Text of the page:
Average price of homes in Hamilton soared over past year but is the market starting to cool?


Published July 16, 2021 at 4:24 pm


Hamilton saw one of the biggest increases in average home prices in Canada over the past year, but recent reports and analyses suggest the real estate market is starting to cool off.

According to an analysis by Zoocasa, the average price of a home in Hamilton in 2020 was $675,223 which was up to $870,726, a difference of 29 per cent, year over year.

The only Canadian cities that saw bigger increases were London, at a whopping 35.3 per cent, and St. John, N.B., at 34.9 per cent.

Despite the climbing prices, usually spurred on by a drop in supply, the analysis sees the market slowly settling into a slower pace but still firmly in favour of sellers.

“As the summer market gets underway, it’s clear buyer demand is starting to return to seasonal normalcy, and that the urgency that underpinned demand during the pandemic is starting to unwind,” the analysis said.

“While bidding wars and multiple-offer situations are still prevalent in hot markets, they’ve been reduced to a simmer from the high boil of the record-breaking winter market.”

The data used for the analysis was gleaned from a June market report from the Canadian Real Estate Association (CREA).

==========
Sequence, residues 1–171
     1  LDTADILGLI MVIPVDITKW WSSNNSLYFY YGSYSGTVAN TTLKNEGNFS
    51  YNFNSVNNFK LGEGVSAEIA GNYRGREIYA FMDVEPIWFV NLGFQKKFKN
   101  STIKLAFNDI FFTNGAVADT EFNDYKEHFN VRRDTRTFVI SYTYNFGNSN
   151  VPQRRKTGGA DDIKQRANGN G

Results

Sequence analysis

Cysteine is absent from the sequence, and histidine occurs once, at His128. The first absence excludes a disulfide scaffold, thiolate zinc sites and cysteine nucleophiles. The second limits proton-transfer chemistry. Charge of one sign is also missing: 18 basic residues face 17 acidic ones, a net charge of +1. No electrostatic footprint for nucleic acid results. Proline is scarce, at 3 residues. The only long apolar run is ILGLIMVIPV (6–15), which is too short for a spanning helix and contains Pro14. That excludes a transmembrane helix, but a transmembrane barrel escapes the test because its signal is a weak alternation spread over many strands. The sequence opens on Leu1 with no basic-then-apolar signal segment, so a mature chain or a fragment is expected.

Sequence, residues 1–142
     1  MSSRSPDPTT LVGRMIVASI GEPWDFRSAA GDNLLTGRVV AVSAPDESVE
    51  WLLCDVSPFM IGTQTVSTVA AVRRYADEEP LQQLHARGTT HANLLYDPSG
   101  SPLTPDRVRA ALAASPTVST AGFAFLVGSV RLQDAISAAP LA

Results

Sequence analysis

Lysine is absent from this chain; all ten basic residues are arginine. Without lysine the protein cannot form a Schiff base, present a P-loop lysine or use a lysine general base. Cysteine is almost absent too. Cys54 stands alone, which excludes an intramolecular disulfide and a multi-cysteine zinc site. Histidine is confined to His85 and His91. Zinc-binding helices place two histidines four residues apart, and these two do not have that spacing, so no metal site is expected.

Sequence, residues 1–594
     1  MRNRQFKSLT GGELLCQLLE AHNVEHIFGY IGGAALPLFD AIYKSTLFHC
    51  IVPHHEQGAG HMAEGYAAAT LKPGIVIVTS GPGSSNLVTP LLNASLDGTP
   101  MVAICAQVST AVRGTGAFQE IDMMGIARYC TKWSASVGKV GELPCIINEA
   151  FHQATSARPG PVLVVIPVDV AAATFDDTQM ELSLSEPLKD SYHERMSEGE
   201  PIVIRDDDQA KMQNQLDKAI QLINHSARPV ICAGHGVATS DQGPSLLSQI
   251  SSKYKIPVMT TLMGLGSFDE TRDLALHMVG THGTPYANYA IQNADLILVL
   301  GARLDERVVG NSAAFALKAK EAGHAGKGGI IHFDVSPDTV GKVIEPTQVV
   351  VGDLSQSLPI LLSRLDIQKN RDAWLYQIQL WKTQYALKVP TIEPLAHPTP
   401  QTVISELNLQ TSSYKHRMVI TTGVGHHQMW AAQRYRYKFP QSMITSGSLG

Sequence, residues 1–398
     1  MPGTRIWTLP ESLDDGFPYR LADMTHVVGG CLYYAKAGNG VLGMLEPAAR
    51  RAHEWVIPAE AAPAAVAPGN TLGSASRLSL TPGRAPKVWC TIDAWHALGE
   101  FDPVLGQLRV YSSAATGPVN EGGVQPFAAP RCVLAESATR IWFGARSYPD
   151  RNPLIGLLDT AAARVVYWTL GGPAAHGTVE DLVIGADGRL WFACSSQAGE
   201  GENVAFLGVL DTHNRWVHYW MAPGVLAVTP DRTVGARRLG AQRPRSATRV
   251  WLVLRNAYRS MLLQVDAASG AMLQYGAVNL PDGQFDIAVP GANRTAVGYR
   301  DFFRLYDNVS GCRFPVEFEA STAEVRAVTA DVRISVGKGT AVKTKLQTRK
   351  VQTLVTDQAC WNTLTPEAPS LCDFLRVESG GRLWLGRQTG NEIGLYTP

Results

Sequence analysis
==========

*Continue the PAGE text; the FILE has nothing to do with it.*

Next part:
Hamilton seems to buck the national trend that saw home sales decline by 8.4 per cent month over month but up by 13.6 per cent year-over-year, according to the CREA report.

The days of year-over-year triple-digit comparisons, however, appear to be well behind us, with activity down in 80 per cent of local markets.

Locally, sales actually set a record for June, according to statistics provided by the Realtors Association of Hamilton-Burlington, which saw 1,607 sales processed through MLS in June, marking 10 per cent increase from last year.

Hamilton home sales were 14 per cent above the five-year average and 11 per cent above the 10-year average for the month of June, according to the RAHB report.

“On a year-to-date basis, home sales totalled a record 9,518 units over the first six months of the year,” the RAHB report said.

“This was up sharply by 57 per cent from the same period in 2020.”

And yet, inventory in the RAHB market — which includes Hamilton, Burlington, Haldimand and North Niagara — remained low.

“While market conditions remain historically tight with demand far outpacing supply, we are seeing average sale prices remain stable,” said RAHB President Donna Bacher, in the report.

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